From the Pastor's Desk
From Easter to Pentecost our readings focus on the early apostolic preaching of the Good News of salvation and on the promises of Jesus to his disciples, especially his promise of the Holy Spirit. Today’s readings explain Who the Holy Spirit is, what His roles are and how we can experience Him in our daily lives.
The first reading describes how the Holy Spirit helped the Deacon Philip to preach powerfully and convert the Samaritans in large numbers. It also explains how the baptized Samaritans received a fresh anointing of the Holy Spirit through the imposition of hands by the apostles Peter and John.
In the second reading, Peter shows us the God-fearing lives, which the Holy Spirit makes it possible for believers, including ourselves, to live in the midst of opposition and persecution.
Today’s Gospel, taken from Jesus’ “Last Supper Discourse,” describes the gift he will send, the Holy Spirit, Who will live as the Paraclete, the Divine Advocate, in those who obey Jesus’ commandments, especially the commandment of love. Thus, Jesus will continue to live in his believers with the Father and the Holy Spirit and they will not be left as orphans.
The risen Jesus’ continued presence in us and in the Church through the Holy Spirit gives meaning and purpose to all we are and all we do in his Name. As the Divine Advocate, the Holy Spirit will instruct us in Jesus’ doctrines and illumine our minds to receive deeper knowledge of our Faith. In addition, the Divine Advocate will empower us to defend our Faith powerfully and guide us properly in the practice of true Christian love. Thus, we will be able to recognize Jesus in the in the poor, in the sick, in the homeless, in the marginalized, in the outcast, in the drug addicts and even in the criminals ("I was in prison..."), thus becoming agents of healing and reconciliation in a broken and divided world.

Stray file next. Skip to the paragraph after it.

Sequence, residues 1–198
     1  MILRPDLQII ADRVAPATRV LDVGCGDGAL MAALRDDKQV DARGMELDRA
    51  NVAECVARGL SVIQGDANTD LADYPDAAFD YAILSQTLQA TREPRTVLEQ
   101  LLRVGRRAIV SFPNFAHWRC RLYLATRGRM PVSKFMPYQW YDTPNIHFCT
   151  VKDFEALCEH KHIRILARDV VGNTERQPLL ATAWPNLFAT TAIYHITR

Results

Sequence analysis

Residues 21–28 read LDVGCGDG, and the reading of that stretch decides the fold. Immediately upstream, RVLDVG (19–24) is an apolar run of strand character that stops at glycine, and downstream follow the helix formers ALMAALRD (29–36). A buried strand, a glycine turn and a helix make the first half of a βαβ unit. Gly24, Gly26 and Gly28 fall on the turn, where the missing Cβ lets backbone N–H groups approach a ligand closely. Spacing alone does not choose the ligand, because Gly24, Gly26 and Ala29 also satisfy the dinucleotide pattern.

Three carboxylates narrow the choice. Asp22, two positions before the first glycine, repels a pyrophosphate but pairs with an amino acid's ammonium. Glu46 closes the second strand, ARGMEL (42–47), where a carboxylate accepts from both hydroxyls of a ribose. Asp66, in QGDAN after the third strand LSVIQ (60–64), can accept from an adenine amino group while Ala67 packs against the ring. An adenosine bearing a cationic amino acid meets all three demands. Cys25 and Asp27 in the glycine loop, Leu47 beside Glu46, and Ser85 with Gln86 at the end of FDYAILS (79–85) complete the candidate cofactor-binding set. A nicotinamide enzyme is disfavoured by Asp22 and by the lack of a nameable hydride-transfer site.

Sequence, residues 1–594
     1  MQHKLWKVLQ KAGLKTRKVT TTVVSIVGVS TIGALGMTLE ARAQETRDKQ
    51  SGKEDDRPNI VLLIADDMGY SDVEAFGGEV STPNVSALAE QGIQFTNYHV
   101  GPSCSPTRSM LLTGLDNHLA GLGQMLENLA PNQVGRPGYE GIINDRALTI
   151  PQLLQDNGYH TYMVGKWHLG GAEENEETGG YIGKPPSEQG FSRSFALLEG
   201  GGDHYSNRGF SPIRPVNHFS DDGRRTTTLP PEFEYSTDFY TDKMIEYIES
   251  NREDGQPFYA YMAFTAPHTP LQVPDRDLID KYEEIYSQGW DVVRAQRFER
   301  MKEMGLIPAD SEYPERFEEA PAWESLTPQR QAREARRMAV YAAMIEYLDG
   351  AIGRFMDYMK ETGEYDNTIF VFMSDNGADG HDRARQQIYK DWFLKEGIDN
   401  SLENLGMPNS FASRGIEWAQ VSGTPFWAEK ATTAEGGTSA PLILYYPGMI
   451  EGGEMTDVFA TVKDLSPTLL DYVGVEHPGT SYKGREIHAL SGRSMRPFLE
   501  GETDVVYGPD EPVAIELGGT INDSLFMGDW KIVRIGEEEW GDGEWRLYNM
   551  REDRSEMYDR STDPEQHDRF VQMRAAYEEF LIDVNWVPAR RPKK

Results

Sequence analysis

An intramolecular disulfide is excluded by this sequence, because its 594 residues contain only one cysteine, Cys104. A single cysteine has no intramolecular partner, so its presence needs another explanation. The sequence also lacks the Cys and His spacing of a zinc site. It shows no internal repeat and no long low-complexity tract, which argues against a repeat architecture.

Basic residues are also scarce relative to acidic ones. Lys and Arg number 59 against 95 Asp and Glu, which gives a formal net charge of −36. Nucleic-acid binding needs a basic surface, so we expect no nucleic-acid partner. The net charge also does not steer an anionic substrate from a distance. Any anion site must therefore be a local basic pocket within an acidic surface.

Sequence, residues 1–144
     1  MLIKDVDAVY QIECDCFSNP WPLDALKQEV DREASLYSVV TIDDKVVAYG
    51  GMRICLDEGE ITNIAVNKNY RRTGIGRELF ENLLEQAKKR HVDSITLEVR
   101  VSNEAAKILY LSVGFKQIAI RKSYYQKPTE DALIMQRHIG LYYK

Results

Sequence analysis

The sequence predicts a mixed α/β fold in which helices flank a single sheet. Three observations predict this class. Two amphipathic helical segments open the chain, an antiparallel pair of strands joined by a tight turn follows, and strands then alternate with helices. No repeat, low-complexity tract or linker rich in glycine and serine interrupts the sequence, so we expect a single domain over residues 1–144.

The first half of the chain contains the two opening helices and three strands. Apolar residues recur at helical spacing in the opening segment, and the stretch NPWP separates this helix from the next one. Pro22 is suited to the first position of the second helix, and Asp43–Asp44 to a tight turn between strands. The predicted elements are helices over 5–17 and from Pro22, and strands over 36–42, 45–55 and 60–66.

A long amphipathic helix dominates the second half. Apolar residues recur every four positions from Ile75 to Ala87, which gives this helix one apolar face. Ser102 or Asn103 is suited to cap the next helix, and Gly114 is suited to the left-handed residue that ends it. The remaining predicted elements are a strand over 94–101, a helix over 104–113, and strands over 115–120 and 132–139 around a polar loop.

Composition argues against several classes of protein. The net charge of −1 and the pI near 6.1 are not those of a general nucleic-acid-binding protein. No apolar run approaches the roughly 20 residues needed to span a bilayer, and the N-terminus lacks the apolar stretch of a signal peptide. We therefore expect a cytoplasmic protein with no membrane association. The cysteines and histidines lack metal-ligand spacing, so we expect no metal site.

The Jewish concept of Spirit: In Hebrew, the word for spirit is ruach in Greek, pneuma in Latin, spiritus – all of which suggest breathing. The idea is that when a person is breathing, he is alive. It is from this notion that the idea of an animating, life-giving, intelligent and active force comes. The word (in Hebrew, Greek, and Latin), thus meant “breath”, “life” and “spirit.” The Jewish tradition taught that when the Messiah came, God’s very own Life (Breath, Spirit) would be poured out upon all the faithful believers.
We need to be open to the Holy Spirit, our Paraclete. The purpose of the indwelling Holy Spirit is to help us grow towards maturity and wholeness. We all have faults that prevent our growth: blocks of sin and imperfection, blocks due to childhood conflicts, blocks due to deeply ingrained personality traits and habits, blocks caused by addictions, and blocks resulting from bad choices we have made. We all have these blocks within us and they keep us from becoming what God wants us to be. They prevent us from growing into maturity and wholeness. God, the Holy Spirit, helps us see the truth about ourselves, to discern the blocks that inhibit our growth and to allow Him to transform us. Like the good counselor He is, the Spirit enables us to become stronger. The Holy Spirit also comes to our aid and gives us the strength to make difficult and painful decisions. God’s Spirit actually lives in us, and we hear the voice of the Spirit, counseling and guiding us in the way of truth. Let us open the ears of our minds to hear Him and to obey His promptings.